This is the second in my series of posts about the basics of polynomial partitioning. In the first post of the series we presented the basics of polynomial partitioning and showed how the technique can be used to prove the Szemerédi-Trotter theorem. In this post we present Guth and Katz’s proof of the polynomial partitioning theorem. We first repeat the statement of the theorem.
Theorem 1 (Polynomial partitioning). Let be a set of points in . Then for every , there exists an -partitioning polynomial of degree .
To prove Theorem 1, we recall the discrete version of the ham sandwich theorem (e.g., see this paper). A hyperplane in bisects a finite point set if each of the two open halfspaces bounded by contains at most points of . The bisecting hyperplane may contain any number of points of .
Theorem 2. Every finite point sets can be simultaneously bisected by a hyperplane.
A planar example of Theorem 2 is depicted in the following figure, where both the blue set and the orange set are bisected.
We use Theorem 2 to prove the following theorem, which is the discrete version of the polynomial ham sandwich theorem. A polynomial in bisects a finite point set if for at most points and for at most points . The zero set may contain any number of points of .
Theorem 3 (Stone and Tukey). Let be finite point sets, and let be the smallest integer such that . Then there exists a nonzero polynomial of degree at most that simultaneously bisects all of the sets .
Proof. The number of monomials that a polynomial of degree at most in can have is ; this is illustrated in the following figure.
Set , the number of nonconstant monomials, and let
clearly The Veronese map is defined as
Every coordinate in corresponds to a nonconstant monomial of degree at most in , and maps a point in to the tuple of the values of these monomials at . For , we set . That is, every is a finite point set in . By Theorem 2, since , there exists a hyperplane that simultaneously bisects all of the sets . If we denote the coordinates of as , for , then can be defined as the zero set of a linear equation of the form , for a suitable set of constants .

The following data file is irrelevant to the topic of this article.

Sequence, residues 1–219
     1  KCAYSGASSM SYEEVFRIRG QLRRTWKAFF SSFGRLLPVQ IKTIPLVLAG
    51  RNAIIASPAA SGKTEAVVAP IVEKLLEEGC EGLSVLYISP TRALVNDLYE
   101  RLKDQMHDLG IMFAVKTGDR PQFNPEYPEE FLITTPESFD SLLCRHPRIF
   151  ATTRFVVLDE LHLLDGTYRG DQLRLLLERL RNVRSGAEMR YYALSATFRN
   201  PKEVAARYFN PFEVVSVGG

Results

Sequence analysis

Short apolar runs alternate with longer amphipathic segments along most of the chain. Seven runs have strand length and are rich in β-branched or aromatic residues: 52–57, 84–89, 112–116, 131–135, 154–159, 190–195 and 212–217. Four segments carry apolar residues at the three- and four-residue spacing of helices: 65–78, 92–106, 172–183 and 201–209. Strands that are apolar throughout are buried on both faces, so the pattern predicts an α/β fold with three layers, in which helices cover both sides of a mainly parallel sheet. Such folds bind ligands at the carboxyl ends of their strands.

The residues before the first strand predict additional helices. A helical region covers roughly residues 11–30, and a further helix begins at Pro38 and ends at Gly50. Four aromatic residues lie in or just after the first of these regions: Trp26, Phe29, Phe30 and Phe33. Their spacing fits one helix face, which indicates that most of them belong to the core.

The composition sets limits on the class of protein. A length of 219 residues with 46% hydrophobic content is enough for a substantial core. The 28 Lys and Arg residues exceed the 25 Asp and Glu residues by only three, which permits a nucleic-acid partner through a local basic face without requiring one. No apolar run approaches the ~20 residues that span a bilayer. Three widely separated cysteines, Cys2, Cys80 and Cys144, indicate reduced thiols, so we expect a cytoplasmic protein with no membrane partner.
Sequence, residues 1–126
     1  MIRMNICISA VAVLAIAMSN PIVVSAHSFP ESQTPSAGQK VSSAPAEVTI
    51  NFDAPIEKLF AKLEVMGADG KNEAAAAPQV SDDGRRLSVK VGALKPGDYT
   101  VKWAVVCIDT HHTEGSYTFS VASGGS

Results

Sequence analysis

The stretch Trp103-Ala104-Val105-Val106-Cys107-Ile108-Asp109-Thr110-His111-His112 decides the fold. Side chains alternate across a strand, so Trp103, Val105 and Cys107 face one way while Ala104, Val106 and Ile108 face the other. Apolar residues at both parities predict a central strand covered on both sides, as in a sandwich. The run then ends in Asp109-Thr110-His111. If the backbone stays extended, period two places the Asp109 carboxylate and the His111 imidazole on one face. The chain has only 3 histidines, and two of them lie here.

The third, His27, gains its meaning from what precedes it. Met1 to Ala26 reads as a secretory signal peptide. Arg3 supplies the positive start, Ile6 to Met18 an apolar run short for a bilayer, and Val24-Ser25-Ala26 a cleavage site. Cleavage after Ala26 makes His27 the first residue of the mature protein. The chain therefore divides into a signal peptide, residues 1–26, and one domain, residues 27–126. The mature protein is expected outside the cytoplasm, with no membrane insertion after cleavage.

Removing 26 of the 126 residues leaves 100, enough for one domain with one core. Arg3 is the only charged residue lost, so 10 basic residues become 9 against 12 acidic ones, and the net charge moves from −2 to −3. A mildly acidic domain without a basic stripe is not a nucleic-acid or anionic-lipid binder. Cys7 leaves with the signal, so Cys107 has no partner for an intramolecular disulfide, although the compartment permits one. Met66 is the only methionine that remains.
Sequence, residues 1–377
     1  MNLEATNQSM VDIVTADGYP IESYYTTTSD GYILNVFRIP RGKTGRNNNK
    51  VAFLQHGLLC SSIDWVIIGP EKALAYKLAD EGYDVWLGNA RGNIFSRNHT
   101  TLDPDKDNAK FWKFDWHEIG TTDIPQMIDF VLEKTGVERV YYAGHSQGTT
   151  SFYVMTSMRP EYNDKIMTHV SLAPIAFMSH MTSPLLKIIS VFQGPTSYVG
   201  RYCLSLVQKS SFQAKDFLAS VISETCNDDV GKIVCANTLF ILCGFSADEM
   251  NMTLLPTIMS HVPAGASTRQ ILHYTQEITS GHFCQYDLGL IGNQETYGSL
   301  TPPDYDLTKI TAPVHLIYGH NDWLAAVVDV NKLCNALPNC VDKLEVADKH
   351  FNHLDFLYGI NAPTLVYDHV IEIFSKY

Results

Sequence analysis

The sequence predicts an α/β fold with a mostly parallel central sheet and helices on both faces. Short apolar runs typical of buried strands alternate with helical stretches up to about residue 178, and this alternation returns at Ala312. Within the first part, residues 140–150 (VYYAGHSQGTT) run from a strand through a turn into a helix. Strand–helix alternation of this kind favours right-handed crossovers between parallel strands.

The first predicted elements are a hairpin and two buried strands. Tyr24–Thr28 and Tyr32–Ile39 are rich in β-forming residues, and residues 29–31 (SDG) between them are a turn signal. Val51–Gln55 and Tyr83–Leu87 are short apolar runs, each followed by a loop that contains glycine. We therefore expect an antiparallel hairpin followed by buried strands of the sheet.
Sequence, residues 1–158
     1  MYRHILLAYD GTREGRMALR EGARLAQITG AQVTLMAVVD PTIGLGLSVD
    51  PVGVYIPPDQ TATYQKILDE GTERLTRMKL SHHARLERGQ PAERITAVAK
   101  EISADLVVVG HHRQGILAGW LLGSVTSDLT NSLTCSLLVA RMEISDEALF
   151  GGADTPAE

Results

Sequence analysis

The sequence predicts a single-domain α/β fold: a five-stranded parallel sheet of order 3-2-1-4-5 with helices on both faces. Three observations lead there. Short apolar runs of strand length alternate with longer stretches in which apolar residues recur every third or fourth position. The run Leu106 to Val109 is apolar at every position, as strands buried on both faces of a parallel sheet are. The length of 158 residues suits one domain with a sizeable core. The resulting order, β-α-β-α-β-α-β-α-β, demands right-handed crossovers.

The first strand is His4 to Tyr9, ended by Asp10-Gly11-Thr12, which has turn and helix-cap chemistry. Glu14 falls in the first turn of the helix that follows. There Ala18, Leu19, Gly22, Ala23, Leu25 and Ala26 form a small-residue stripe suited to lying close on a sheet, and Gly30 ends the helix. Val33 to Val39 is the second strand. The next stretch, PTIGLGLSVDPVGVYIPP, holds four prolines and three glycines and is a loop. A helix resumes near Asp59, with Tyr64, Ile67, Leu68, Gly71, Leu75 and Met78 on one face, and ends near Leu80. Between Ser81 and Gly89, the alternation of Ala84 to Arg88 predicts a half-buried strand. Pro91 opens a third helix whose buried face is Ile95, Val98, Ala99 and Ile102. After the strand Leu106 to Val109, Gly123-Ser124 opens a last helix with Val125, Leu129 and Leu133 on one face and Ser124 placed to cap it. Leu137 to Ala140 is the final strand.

Returning to , we obtain the polynomial . Consider a point and let . Notice that . That is, for every point , (resp., ) if and only if is in the positive side of (resp., in the negative side of ). Since bisects every , then bisects every .
In other words, Theorem 3 implies the existence of a bisecting polynomial of degree at most
Recent uses of the polynomial ham sandwich theorem already appeared before Guth and Katz’s distinct distances paper (e.g., see Gromov and Guth). However, Guth and Katz were the first to apply the polynomial ham sandwich theorem to obtain a polynomial partitioning. We now present a variant of their proof.
Proof of Theorem 1. Let . To prove the theorem, we show that there exists a sequence of polynomials such that the degree of is smaller than and every connected component of contains at most points of . An example is depicted in the following figure.
This would complete the proof since we can then choose , where is the minimum integer satisfying .
We prove the existence of by induction. The existence of is immediately implied by Theorem 2. For the induction step, assume that there exists a polynomial of degree smaller than such that every connected component of contains at most points of . Since , the number of these connected components that contain more than points of is smaller than . Let be the subsets of that are contained in each of these connected components (that is, for each , and ). By Theorem 3 (and the remark following it), there is a polynomial of degree smaller than that simultaneously bisects every . We can set , since every connected component of contains at most points of and is a polynomial of degree smaller than
This completes the induction step, and thus also the proof.